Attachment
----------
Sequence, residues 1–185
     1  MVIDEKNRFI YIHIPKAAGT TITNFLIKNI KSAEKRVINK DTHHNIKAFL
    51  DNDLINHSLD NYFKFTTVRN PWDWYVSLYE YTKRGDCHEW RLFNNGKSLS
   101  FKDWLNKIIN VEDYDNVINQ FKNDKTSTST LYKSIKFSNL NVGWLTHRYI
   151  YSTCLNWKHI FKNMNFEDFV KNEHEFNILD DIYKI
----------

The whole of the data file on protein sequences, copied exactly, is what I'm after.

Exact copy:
Sequence, residues 1–185
     1  MVIDEKNRFI YIHIPKAAGT TITNFLIKNI KSAEKRVINK DTHHNIKAFL
    51  DNDLINHSLD NYFKFTTVRN PWDWYVSLYE YTKRGDCHEW RLFNNGKSLS
   101  FKDWLNKIIN VEDYDNVINQ FKNDKTSTST LYKSIKFSNL NVGWLTHRYI
   151  YSTCLNWKHI FKNMNFEDFV KNEHEFNILD DIYKI